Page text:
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Report of the Expert Group on the Judgment in the A, B and C v. Ireland Case: Statements (Resumed) (Continued)

Thursday, 6 December 2012

Dáil Éireann Debate
Vol. 785 No. 3

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(Speaker Continuing)

[Deputy Catherine Murphy: Information on Catherine Murphy Zoom on Catherine Murphy] The report is limited in scope. If its scope were broadened, a constitutional referendum would be needed to address such issues as the right to health as well as rape, incest and fatal abnormalities in a foetus. All of these issues deserve consideration in a civil society.

Deputy Kevin Humphreys: Information on Kevin Humphreys Zoom on Kevin Humphreys I thank Deputies Mary Lou McDonald and Catherine Murphy for their contributions. I often find in debates of this nature that men should perhaps shut up and listen to women.

Deputy Mary Lou McDonald: Information on Mary Lou McDonald Zoom on Mary Lou McDonald Hear, hear.

Deputy Kevin Humphreys: Information on Kevin Humphreys Zoom on Kevin Humphreys Deputy Murphy critiqued the circumstances in which we find ourselves. This is a sensitive time in the history of the nation. Before coming to the Chamber, I listened on the monitor to Deputy McDonald describe with passion the hurt the abortion issue has caused for generations. The Government has signalled the importance it attaches to the issue by providing more than 20 hours of Dáil time to discuss it.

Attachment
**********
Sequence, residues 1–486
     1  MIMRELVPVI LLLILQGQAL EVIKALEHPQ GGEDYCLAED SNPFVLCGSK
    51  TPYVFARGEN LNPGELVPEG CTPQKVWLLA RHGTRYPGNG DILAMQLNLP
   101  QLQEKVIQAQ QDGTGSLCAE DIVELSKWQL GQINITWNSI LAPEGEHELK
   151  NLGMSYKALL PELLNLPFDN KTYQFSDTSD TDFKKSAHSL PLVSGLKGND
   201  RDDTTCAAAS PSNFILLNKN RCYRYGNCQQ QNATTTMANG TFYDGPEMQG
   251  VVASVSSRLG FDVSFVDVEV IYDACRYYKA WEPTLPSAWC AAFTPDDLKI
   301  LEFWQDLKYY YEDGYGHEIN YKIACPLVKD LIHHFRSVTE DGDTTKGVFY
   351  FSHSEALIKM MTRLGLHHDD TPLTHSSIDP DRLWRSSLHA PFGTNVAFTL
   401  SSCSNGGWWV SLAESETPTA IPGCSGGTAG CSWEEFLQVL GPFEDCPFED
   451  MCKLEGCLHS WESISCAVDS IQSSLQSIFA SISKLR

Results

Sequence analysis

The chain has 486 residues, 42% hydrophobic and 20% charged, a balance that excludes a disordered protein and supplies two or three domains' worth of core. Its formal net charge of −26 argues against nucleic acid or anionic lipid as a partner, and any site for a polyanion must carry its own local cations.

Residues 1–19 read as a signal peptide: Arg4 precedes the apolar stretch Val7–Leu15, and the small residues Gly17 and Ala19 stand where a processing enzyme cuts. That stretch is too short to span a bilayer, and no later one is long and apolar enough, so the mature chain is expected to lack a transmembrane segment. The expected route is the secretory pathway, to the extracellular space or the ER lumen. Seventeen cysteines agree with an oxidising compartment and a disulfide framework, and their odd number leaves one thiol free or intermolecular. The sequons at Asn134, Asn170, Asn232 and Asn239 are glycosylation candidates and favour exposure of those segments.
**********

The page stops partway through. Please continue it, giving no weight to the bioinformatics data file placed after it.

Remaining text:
I thank Sinn Féin and Deputy Clare Daly for tabling valuable motions earlier this month which allowed us to frame this debate in the context of the actions the Government must take. These motions were tabled in good faith and the Minister and Cabinet are working on this issue in good faith. The Government acted on its commitment in the programme for Government to establish an expert group on the judgment in the A, B and C case. The expert group published its report only shortly after an unfortunate young woman passed away in a Galway hospital. I welcome the Government's commitment to make a decision before the Christmas recess on what action it will propose to take on foot of the report. I also welcome the decision by the Joint Committee on Health and Children to hold public hearings into the issue. It will be important that the committee ensures all sides are afforded an opportunity to speak and be heard.

Abortion divides society and has been a major political issue for the past 30 years. The 1983 referendum on the eighth amendment to the Constitution was only the second campaign in which I became involved. I was also involved in a long and bitter strike at the time. During the campaign, posters were put up on my housing estate and I recall explaining to people in the area that the amendment was in my view wrong. On the evening of the vote, I was in my sitting room when a neighbour knocked on my door and asked whether I could give her a lift to the polling station, which was some distance from my home. I agreed to drop her to the polling station and within ten or 15 minutes of my return, five or six more neighbours, mainly women, had called to my home asking for a lift. I recall that it was not a particularly nice evening. It emerged in the course of our conversations that the husbands of the women had refused to drive them to the polling station because they were not happy with their wives' voting intentions. This incident had a major effect on me. The reason I stated that men should perhaps shut up in this debate is that I find it difficult to stomach listening to men articulate a position on an issue that affects women and their health.